6. You don’t need a big budget to get innovation off the ground. Lightning innovation pitches from the data start-ups helped delegates to see how to overcome challenges and create opportunities. With the tools available, many of them low cost or even free, ‘guerrilla teams’ can do things differently and get projects moving, without waiting for the sign off required for big spending.
7. Using data to understand your customers = improved customer satisfaction - As Christian Howes said, using data collected from the audience opens lots of doors, allowing for predictions and creating tailored content. Data gives you the ability to understand the context of your customer. If you can understand how they’re feeling and their behaviour better through what the data is showing, then you can use that information to align your business to your customers’ needs.
HouseMark is currently undertaking the review of STAR methodology, which aims to develop a modern yet consistent framework for measuring customer satisfaction that allows like-for-like comparisons but also enables landlords to make use of the data to drive improvements. Find out more here.
8. Open data and data sharing can be invaluable – Open data portals such as OpenDataCamden.gov.uk are changing the ways teams can use and share data. These portals provide key sources of information as well as increased visibility for stakeholders. Additionally, by layering different data sources, a fuller picture is achieved. This data can be implemented in various formats, including visualisations and maps, providing vital evidence to ensure resources are used appropriately.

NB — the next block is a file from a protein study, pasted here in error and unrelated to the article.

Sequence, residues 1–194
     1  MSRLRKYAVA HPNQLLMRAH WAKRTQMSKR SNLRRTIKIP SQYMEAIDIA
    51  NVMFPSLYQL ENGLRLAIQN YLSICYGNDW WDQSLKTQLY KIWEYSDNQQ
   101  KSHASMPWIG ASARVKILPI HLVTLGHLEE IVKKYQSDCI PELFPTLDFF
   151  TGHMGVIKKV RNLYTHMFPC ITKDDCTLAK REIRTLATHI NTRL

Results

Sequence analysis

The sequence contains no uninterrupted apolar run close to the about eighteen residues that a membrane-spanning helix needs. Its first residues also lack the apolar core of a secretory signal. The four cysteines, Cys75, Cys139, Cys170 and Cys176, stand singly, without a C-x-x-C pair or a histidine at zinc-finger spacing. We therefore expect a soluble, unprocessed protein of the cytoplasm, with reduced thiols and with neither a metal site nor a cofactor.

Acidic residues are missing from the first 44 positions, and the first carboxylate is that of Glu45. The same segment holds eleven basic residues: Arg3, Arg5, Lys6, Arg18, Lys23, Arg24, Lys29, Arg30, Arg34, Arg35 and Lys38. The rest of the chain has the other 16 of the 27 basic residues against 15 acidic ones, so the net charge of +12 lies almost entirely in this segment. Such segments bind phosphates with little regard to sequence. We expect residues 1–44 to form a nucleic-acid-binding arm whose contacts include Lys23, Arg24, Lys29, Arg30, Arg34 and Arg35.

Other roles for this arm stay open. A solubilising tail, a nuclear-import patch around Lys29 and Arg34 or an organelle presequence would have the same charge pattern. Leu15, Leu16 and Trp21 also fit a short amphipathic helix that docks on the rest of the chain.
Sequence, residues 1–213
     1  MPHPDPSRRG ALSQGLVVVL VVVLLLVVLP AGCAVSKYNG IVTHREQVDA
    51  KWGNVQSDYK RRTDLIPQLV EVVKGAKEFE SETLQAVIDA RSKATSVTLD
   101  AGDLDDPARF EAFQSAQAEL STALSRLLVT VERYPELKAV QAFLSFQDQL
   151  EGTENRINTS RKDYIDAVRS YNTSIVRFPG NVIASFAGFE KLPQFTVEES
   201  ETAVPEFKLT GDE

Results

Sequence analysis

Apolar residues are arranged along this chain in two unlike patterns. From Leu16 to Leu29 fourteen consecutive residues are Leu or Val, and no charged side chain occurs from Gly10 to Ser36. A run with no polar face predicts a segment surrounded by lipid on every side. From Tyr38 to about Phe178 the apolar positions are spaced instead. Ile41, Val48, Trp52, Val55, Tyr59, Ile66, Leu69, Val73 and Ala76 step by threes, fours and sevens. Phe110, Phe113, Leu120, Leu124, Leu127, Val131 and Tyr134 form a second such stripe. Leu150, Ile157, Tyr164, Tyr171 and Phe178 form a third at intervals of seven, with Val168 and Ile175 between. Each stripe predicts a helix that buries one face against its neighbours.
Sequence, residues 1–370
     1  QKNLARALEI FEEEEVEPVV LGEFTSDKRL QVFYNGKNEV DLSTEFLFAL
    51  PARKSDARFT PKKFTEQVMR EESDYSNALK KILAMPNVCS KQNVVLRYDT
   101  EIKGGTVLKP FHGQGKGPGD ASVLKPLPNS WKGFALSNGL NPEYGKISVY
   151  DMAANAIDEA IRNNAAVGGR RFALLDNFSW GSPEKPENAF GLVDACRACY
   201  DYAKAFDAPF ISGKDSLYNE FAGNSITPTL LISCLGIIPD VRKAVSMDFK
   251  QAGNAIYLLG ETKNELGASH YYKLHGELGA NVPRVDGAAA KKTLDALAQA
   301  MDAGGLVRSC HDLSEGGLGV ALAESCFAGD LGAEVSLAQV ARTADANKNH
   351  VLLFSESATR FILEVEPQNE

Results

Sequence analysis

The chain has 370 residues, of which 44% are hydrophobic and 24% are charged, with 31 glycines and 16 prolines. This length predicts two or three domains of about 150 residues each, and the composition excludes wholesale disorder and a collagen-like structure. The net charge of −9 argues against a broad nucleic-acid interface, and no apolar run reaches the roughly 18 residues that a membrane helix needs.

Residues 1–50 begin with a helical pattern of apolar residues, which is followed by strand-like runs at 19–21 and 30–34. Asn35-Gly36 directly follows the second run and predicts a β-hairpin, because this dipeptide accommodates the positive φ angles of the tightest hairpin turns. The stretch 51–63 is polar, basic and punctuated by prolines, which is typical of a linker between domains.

9. Be careful who you connect with! Delegates watched a live demo of how easy it is to hack a WiFi enabled kettle Joe Dalton (Associate Partner, Pen test Partners) highlighted that “connectivity has expanded but so has the risk” when she demonstrated how easy it is to hack devices through publicly available resources. Awareness of risks and taking appropriate steps to protect yourself not only in your workplace but also at home is incredibly important.
To find out more about cyber security and the housing sector, visit the Information Security page on our website.
10. There’s so much more potential to unlock from data. As technology continues to evolve and with innovation at the forefront of organisations’ agendas, the potential power of data grows too. It’s important for providers to stay up-to-date and learn from out-of-sector best practice. This is why we are pleased to share that there will be an even bigger and better Housing Data and Analytics Summit on 1 October 2020. Early Bird tickets are available now - to book your place click here.
If you’d like to know more about HouseMark and how we can help your organisation with data analysis and insight, please contact us at firstname.lastname@example.org or call us on 024 7646 0500.